Guest Contributor: Naya Jones from http://www.root-work.com
(Especially for recovering overachievers and people who do too much)
This Saturday I woke up at 4 AM with a hefty to-do list on my mind. My body was tense. My head hurt. (But) I immediately grasped for my computer. I needed to check something off my to do list. I booted up my laptop, started writing drafts, and then, thank goodness, the Internet stopped working. Suddenly the connectivity just. . . stopped.
My forced departure from “productivity” came at just the right time.
I was hunching over my desk in the wee hours of the morning, on one of the few days when my calendar was actually clear. Like my spotty Internet connection, I needed to completely, utterly halt. I needed perspective.
As a meditation facilitator, I sometimes share these workaholic, overachieving moments with participants during classes or retreats. They look surprised. But if you were born and raised in the United States, or simply in a culture/society that equates productivity with hard work and long hours, you know that stopping is all too often censured. Time is money, right? To stop is to lose money, time, networking opportunities. Stopping delays progress.
Cases in point:
* My partner and I just bought a home. While buying some items for the house, we witness Lowe’s slogan: Never Stop Improving. (Message: Your house is nice . . . but is it ideal?)
* On a recent plane trip, a fellow female entrepreneur told me to always answer the phone. After all, you never know when a potential client is calling. (Message: Never stop being “on”).
* In the grad school hallway, I’m greeted with, “How’s the research going?” rather than, “How’s your summer Naya?” (Message: Graduate students should have no lives outside of research.)
Add to these signals stereotypes based on race/culture/gender/sexuality or more – and the messages thicken. The inner pressure can be immense. If I stop as a Black Latina, am I lazy? Am I proving my ancestors proud? Am I showing that we ( = all Black Latina women in the country) can succeed?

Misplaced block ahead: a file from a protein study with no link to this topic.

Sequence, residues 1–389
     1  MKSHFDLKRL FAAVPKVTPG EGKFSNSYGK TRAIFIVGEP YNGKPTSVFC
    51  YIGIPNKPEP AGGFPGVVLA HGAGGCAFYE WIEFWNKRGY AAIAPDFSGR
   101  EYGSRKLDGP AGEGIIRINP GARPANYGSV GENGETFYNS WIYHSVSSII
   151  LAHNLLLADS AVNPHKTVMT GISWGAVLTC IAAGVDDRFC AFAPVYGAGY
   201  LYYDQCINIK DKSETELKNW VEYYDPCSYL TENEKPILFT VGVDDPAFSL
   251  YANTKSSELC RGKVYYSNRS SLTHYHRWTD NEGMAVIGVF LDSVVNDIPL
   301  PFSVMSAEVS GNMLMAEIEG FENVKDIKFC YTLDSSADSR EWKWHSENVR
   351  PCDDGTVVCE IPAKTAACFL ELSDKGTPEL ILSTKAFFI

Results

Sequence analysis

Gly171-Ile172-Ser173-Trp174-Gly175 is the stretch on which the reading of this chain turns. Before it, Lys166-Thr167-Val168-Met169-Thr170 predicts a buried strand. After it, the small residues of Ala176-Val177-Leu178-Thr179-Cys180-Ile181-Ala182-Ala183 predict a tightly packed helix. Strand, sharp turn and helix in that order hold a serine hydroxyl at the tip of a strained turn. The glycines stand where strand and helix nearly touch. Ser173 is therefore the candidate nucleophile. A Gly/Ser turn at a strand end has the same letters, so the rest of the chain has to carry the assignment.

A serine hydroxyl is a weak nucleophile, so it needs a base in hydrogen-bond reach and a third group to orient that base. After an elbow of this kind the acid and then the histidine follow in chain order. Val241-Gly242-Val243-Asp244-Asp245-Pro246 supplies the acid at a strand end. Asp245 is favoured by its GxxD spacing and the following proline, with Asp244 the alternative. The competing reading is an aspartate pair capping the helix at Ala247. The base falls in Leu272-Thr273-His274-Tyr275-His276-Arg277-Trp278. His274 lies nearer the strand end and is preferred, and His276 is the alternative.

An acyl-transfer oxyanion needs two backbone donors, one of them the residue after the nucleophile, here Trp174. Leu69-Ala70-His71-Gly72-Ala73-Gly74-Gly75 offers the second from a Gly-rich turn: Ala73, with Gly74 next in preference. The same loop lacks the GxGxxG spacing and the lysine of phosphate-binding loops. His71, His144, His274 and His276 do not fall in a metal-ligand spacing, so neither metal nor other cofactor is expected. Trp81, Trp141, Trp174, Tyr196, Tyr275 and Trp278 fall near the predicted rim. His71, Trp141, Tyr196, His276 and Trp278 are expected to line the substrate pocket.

If you are overwhelmed, doing too much, or a (recovering) overachiever, I’m telling you and telling mySelf: Just stop!
Saturday morning I closed my laptop, gathered my drum and journal, and went to a nearby park. Sunday, Monday, and today, I’m still stopping. On campus I stop en route to my destination or slowww down (Why am I walking so very fast?!). At stoplights, I take deep breaths. Today after an inspiring office hour with a student, I decided not to grade papers. Not just yet. Instead, I took a long walk back to my car. I drove a long route home.
I’m also noticing how other people stop around me. My partner goes to the gym. On a deadline, he will still meditate for 5 minutes to refocus. (Yes, he inspires me.) A friend of mine who has two children and owns a business meets with girlfriends for coffee. She also takes a dance class once a week. As a more luxurious example, one of my aunts plans splendid Hawaii vacations for herself and family. She stops in two ways: by planning the trip and by taking it.
How do you stop? Is it time to take even just five minutes to stop, breathe, regroup? Is it time to do something – or be with someone- that nourishes you?
If you are a fellow (recovering) overachiever, I remind you, and I remind myself:
By stopping you are not lazy, unproductive, unaccountable, or irresponsible.
By stopping, you nourish yourSelf. You connect with yourSelf and loved ones. You gain perspective.
Stop! and be well,